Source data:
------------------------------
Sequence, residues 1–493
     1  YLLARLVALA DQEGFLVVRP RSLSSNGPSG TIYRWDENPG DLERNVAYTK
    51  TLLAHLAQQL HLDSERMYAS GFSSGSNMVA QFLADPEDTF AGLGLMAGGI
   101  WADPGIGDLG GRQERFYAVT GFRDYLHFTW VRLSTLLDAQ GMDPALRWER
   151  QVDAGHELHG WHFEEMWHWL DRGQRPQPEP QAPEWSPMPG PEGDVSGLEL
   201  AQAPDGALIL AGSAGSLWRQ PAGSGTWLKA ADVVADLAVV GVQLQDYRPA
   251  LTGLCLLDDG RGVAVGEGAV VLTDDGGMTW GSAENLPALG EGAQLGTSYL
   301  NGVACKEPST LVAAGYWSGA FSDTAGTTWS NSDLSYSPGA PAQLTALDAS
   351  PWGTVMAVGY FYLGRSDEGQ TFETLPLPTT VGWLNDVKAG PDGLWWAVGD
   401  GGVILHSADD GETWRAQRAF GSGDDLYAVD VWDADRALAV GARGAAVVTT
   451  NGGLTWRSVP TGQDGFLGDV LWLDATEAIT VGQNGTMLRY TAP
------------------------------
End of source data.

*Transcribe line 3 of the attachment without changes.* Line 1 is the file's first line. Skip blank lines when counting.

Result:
    51  TLLAHLAQQL HLDSERMYAS GFSSGSNMVA QFLADPEDTF AGLGLMAGGI